The remainder of the paper is organized as follows. Section II introduces the technical preliminaries. Section III introduces a counterpart of Jensen’s formula. In Section IV, we examine the Kalman–Bucy filter using algebraic function theory and presents an integral characterization of the optimal output estimation error covariance. Relevant discussions and interpretations are also presented. Concluding remarks are given in Section IV.

For analysis and discussions on the discrete-time Kalman filters, see our parallel work presented in

[34].

Ii Preliminaries

In this section, we introduce some relevant notions from stochastic processes, and briefly review the basic properties of the Kalman–Bucy filter.

Ii-a Notations and Basic Concepts

In this paper, we consider real-valued continuous zero-mean random variables and vectors, as well as continuous-time stochastic processes. We denote random variables and vectors using boldface letters. The logarithm

is defined with base , and all functions are assumed to be measurable.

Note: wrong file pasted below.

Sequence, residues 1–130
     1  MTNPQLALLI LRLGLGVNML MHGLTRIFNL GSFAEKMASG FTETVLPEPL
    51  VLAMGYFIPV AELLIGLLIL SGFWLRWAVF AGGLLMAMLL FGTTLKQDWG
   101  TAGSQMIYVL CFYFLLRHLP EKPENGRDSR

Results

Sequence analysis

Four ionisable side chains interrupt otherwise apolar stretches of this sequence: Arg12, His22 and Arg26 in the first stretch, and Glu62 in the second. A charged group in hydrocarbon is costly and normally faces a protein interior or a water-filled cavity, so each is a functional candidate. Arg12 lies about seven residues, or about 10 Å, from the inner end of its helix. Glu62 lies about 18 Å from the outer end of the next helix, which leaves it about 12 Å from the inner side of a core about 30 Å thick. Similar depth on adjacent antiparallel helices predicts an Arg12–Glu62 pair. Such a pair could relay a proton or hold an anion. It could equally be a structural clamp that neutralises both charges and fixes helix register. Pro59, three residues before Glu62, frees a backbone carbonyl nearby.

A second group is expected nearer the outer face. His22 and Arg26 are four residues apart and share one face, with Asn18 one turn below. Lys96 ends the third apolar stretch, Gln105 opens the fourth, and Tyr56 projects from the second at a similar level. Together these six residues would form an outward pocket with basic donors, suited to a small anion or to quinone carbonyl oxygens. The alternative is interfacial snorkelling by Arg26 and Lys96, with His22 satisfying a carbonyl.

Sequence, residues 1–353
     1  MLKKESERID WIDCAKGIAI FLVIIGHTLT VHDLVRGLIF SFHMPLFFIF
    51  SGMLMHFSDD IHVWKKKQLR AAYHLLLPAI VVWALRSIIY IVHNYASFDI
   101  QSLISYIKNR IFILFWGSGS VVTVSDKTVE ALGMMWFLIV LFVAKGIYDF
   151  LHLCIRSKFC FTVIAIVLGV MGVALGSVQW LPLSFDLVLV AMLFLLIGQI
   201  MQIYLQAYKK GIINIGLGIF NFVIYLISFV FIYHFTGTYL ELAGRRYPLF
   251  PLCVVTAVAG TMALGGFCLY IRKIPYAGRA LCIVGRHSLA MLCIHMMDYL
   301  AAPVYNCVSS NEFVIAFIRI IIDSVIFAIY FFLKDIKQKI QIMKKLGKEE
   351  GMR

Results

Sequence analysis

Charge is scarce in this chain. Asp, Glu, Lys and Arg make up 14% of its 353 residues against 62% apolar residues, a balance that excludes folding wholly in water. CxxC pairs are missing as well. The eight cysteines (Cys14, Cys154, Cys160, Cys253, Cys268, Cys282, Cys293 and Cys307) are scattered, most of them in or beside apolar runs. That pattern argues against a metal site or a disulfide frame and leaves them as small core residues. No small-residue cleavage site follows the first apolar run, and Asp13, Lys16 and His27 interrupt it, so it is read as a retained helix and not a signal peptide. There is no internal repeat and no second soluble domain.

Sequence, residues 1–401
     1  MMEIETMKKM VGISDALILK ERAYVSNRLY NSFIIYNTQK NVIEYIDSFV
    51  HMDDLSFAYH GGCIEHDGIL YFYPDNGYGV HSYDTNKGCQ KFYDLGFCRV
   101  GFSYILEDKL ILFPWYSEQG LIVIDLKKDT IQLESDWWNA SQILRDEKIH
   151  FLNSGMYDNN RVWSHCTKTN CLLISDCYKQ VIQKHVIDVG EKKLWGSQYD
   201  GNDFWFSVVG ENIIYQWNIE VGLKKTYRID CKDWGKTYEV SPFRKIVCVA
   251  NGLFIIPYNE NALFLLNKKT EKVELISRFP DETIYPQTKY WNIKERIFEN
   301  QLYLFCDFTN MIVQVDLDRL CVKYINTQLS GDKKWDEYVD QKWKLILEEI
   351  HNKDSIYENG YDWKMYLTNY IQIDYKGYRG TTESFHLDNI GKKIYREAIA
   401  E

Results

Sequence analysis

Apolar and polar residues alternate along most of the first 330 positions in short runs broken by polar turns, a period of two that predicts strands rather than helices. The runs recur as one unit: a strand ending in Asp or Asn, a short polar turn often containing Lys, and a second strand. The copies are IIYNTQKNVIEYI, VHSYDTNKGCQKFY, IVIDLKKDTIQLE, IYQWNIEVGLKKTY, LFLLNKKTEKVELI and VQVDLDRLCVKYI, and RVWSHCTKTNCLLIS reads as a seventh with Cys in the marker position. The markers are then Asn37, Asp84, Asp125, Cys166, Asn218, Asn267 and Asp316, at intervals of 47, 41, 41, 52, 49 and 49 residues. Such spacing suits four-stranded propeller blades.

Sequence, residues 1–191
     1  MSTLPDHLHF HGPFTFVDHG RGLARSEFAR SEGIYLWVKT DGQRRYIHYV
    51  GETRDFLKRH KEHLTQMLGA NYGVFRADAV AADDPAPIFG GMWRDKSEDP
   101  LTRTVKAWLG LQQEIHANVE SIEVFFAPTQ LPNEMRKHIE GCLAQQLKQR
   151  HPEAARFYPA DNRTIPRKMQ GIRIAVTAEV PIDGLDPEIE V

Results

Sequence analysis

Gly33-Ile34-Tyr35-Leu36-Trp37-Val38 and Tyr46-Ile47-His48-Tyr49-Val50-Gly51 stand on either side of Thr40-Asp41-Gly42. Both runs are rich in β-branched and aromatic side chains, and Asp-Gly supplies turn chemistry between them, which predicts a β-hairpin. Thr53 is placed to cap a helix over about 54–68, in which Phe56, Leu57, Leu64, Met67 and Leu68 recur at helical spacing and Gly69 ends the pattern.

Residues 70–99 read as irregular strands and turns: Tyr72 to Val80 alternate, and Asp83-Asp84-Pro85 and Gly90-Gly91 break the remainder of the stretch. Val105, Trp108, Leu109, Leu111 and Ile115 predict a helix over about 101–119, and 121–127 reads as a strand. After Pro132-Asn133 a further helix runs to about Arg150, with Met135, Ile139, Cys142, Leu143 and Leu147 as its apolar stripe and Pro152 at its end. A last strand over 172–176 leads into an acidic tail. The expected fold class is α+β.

A zero-mean stochastic process is said to be (asymptotically) stationary [35] if for any , the (asymptotic) correlation matrix

exists. The (asymptotic) power spectrum of is then defined as

It can be verified that is positive semidefinite. In the scalar case, we denote by . For the inversion,

Moreover, the (asymptotic) covariance matrix of is given by

In the scalar case, reduces to (asymptotic) variance . Moreover, if is (asymptotically) white, then is a constant for all , and

where is the Dirac delta function.

Ii-B The Kalman–Bucy Filter

Fig. 1: The Kalman–Bucy filter.

Consider the continuous-time Kalman–Bucy filtering system [4] depicted in Fig. 1, where the system is linear time-invariant (LTI) with state-space model given by

where is the state to be estimated, is the system output, is the process noise, and is the measurement noise. The system matrices are and , and is assumed to be detectable. Suppose that and are white Gaussian with covariance matrices

and

respectively, and that the initial state is Gaussian with covariance satisfying . Furthermore, , , and are assumed to be mutually uncorrelated.

The Kalman–Bucy filter is given by

where , , , and . Herein, denotes the Kalman gain, which is given by

(1)

where denotes the state estimation error covariance matrix as